Homeowner’s Guide to Thin Brick Flooring
Thin brick, also frequently referred to as brick veneer flooring or brick tiles, are slim, high-density bricks that are designed for both interior and exterior use.
They give any space a warm, rustic feel plus they are easy to maintain.
Thin brick flooring does also come with its cons: they can be on the pricey side to install and can be cool underfoot. But before writing brick flooring off for these reasons, allow us to teach you all about brick flooring from installation and care to pros and cons. Make an appointment at one of our showrooms to check out our flooring options.
About brick flooring
Brick tiles give a home a historic feel whether used for indoor floors or outdoors on patios, walkways, and driveways. Bricks that are used for flooring are different than those you will see in a brick wall, which are usually 1 ¼-inches thick and have holes in them that make the production process less expensive and allow for better insulation.
Brick tiles, however, are solid and made to be only ¼ to ½-inch thick. Therefore, you can rest assured that brick flooring will be a similar height to other flooring options, making transitions between two different types of flooring seamless.
Pros of brick flooring
Brick tile is a unique flooring option, so it’s important to consider both the pros and the cons before choosing to make the switch. Some of the greatest advantages of brick flooring include:
- Anti-slip: Brick tiles are naturally rougher than traditional tile flooring making them slip resistant even when wet. This anti-slip property is one reason brick flooring is popular in kitchens, mud rooms, laundry rooms, and entryways where water is commonly spilled or tracked in from outdoors.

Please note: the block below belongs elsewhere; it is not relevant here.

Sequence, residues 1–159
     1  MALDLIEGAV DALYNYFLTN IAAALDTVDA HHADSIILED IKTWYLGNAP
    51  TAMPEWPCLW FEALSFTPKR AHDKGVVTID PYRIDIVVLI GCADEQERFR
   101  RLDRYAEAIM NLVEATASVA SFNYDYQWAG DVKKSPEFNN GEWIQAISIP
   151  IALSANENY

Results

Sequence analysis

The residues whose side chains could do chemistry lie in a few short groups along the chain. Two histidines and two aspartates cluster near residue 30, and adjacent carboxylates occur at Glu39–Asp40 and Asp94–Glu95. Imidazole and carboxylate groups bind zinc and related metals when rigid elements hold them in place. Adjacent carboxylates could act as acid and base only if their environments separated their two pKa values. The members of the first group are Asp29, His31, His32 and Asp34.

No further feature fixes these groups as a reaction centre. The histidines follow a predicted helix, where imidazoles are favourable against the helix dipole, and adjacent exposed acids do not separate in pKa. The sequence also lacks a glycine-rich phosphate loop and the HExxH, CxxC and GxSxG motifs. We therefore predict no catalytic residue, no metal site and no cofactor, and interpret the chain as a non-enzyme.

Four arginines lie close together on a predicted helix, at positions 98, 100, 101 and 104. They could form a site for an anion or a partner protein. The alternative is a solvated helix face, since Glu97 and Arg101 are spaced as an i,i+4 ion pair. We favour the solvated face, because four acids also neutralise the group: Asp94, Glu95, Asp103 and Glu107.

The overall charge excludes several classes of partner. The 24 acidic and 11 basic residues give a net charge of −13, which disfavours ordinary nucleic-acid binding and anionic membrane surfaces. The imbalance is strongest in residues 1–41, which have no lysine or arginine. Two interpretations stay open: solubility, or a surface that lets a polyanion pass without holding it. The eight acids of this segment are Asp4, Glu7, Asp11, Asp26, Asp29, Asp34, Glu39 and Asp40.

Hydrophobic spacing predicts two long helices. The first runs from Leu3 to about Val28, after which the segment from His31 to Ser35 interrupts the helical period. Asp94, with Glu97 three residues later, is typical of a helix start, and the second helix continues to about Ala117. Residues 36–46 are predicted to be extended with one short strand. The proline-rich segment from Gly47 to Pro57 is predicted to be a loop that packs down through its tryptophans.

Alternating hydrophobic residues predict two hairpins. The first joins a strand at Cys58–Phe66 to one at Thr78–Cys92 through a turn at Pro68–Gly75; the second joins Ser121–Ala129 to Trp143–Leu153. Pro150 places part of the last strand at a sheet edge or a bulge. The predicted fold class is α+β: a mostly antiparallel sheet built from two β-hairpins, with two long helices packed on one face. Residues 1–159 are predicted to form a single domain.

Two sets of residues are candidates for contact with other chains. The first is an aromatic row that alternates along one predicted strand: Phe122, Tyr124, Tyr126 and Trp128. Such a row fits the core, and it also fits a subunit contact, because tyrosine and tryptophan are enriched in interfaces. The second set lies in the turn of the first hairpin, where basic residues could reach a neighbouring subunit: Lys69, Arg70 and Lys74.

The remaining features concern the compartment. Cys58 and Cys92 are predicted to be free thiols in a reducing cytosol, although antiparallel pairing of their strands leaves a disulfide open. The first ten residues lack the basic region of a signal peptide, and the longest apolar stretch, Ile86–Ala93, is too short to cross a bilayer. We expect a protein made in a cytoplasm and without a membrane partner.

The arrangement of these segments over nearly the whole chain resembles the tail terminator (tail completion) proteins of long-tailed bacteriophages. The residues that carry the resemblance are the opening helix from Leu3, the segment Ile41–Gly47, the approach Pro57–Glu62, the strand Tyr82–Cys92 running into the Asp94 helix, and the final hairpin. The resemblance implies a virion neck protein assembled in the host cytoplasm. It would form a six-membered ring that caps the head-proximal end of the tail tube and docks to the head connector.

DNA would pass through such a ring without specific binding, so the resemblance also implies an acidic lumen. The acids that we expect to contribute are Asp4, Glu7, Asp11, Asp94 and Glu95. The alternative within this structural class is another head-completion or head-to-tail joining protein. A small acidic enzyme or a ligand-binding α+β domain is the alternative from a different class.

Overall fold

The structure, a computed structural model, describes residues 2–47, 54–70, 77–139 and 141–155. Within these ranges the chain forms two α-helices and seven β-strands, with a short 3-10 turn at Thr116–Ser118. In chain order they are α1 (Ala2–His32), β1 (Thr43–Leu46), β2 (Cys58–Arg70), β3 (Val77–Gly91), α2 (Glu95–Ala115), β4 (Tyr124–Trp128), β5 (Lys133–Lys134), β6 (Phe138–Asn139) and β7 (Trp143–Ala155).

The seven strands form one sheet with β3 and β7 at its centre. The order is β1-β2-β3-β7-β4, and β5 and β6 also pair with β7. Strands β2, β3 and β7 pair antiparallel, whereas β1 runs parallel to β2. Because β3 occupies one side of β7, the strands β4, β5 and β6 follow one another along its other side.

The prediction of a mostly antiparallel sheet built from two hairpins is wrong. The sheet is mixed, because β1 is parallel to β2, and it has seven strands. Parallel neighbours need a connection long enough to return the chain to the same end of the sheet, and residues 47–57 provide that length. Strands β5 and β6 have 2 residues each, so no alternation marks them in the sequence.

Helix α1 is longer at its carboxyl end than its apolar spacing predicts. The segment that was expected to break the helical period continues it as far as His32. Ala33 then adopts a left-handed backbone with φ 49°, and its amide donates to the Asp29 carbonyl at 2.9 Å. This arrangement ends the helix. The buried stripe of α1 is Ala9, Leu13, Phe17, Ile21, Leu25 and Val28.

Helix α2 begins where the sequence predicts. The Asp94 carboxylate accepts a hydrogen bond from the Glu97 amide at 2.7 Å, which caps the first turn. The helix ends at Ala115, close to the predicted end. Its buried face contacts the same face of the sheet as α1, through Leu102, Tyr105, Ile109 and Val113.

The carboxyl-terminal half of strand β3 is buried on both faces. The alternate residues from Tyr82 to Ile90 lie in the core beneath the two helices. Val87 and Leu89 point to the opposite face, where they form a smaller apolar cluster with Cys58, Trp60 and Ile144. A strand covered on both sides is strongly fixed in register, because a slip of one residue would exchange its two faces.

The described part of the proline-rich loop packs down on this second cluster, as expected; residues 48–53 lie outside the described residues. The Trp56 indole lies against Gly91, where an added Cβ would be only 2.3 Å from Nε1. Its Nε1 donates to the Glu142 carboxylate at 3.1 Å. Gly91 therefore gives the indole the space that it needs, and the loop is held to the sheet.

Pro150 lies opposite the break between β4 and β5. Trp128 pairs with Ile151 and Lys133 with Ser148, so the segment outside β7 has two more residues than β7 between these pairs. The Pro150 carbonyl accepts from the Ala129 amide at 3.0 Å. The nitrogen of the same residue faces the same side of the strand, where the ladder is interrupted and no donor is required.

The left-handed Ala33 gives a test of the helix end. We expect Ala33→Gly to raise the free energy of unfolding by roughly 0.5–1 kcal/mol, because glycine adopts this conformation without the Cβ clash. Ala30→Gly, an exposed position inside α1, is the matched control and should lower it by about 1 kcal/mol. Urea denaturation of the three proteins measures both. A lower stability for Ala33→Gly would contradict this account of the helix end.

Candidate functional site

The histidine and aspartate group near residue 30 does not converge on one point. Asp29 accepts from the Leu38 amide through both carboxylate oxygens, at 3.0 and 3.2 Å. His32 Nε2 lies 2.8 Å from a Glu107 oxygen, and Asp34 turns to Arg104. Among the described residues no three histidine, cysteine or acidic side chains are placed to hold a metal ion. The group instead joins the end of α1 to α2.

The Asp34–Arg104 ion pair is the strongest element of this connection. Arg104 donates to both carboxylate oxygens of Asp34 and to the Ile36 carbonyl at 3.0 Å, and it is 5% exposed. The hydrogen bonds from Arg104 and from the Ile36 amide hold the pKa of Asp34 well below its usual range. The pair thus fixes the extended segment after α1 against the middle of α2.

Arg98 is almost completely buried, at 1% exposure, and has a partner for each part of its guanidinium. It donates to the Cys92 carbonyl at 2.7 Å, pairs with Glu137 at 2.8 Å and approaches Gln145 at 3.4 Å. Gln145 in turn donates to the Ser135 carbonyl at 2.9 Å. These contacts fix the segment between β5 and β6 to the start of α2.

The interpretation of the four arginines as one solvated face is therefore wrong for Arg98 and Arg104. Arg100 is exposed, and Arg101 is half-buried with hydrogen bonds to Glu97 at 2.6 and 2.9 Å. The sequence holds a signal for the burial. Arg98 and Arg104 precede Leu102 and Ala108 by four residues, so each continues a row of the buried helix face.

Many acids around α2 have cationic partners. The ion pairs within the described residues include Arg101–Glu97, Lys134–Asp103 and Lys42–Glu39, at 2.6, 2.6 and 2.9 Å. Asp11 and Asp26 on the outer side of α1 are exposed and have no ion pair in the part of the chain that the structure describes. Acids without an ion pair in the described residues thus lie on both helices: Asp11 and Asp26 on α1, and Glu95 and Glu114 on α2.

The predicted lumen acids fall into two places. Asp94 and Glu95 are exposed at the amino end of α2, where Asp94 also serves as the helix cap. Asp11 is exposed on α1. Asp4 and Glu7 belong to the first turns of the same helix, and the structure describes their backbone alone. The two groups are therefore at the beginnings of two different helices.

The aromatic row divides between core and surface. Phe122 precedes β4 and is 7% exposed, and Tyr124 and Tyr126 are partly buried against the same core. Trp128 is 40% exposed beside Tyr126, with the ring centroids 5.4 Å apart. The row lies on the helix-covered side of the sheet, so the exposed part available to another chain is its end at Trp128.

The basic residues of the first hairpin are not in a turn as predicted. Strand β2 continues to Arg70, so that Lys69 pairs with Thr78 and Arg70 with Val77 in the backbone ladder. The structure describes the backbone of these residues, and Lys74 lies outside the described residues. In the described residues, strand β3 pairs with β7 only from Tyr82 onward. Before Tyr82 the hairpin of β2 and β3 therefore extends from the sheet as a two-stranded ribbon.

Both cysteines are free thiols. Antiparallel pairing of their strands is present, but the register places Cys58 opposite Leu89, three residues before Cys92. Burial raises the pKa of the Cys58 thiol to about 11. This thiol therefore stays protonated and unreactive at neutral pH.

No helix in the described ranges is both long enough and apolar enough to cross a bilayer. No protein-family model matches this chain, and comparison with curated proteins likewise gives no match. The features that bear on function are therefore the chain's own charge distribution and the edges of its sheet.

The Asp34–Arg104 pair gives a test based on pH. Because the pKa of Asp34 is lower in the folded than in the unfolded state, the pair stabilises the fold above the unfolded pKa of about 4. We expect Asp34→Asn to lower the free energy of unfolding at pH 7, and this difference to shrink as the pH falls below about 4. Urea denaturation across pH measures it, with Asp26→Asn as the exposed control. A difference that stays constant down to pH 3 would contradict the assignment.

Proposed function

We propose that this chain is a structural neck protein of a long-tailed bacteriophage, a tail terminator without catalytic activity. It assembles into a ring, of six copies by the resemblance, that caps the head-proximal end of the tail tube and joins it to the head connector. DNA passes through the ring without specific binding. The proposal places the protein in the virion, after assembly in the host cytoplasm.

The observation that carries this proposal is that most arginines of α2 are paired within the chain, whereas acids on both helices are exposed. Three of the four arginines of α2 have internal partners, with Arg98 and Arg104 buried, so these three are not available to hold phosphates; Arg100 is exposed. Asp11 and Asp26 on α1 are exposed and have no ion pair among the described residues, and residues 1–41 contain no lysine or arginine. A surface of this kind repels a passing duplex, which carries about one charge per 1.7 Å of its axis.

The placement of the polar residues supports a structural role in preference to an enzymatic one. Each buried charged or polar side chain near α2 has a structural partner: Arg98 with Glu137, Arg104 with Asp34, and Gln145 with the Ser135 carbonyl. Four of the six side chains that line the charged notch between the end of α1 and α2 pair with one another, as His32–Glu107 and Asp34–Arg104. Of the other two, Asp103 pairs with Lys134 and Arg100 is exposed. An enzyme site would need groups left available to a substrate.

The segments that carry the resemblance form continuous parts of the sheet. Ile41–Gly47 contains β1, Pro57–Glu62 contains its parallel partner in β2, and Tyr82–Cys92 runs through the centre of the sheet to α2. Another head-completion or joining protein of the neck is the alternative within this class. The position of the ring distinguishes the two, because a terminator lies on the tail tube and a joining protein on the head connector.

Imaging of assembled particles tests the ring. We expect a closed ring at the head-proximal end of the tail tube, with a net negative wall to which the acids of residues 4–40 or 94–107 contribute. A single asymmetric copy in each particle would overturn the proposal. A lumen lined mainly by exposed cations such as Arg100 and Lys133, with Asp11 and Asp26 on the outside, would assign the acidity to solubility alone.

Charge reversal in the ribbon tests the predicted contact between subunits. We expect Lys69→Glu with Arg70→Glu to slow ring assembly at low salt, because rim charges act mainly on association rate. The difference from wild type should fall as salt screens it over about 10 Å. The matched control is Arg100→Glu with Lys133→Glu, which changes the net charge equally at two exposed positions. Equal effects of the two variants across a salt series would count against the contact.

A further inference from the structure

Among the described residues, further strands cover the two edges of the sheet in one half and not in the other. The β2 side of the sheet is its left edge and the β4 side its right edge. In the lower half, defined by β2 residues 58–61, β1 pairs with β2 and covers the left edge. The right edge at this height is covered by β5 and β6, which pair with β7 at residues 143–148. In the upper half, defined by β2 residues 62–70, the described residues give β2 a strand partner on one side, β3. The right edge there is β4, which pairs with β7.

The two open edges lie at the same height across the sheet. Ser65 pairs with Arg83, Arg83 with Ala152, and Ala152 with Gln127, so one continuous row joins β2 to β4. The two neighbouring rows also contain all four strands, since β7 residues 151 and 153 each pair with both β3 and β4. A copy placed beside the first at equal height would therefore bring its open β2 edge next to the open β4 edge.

- Durability: Brick is known for its durability which is why it’s a building material that’s been used for thousands of years. It is fire resistant and wears down slowly so that a quality brick floor that’s well maintained can last for hundreds of years.
- Eco-friendly: Bricks are made from natural, abundantly available materials that rarely need to be replaced. When the flooring does eventually need to be replaced, it can be recycled and remade from reclaimed bricks.
Cons of brick flooring
- Texture underfoot: Many find that brick flooring is uncomfortable to walk on and cold underfoot.
- Difficult installation: Installing brick flooring may not be for the beginner DIYer because they can be hard to cut and require a perfectly level subfloor to ensure a seamless installation.
Brick flooring options
As brick is made from natural materials, no two brick floor tiles will be exactly alike. Unless you paint over them with a solid color, there will always be some variations throughout the flooring. There are many tone and color options available as natural clay powders can be added to change the tone of the brick to create white, yellow, orange, black, gray or brown shades.
Brick flooring also comes with many options in size, shape, and texture as all are dependent upon the molds and finishing techniques used in their creation. From a hexagonal shape to a worn-in square, you can have any shape to create unique floors in your room or outdoor space.
The price of the brick flooring will also range depending on what options you choose. Although it can get pretty pricey, brick’s durability will make it so that you will never have to replace your floors.
Brick flooring installation and maintenance
Brick flooring installation is very similar to the process of installing tile flooring. If you choose to install it yourself, you must start with a subfloor that is as smooth as possible otherwise, you may end up with a floor full of dents and bumps. If you are installing over a wooden surface, you’ll have to install a cement backer board to the ground using thin-set mortar first.
Choose a pattern to lay the bricks in before securing them down. Use a wet saw to cut bricks in order to fit them into small or oddly-shaped areas. Use mortar to glue the bricks to the subfloor and when the bricks are fully laid, use mortar or sanded grout to fill in the space between each brick.
Bricks are not naturally water-resistant and neither is grout. Both can be easily stained which is why it’s important to seal bricks and grout once the grout dries. For a matte surface, use a sealer that penetrates the bricks and grout to invisibly protect them from staining. For a shiny surface, use a surface sealer that will sit on top of the bricks and grout and protect them that way. Penetrating sealers rarely need to be reapplied but surface sealers will need a new layer every few years.
After sealing the brick flooring, they are easy to maintain and just require regular vacuuming and mopping.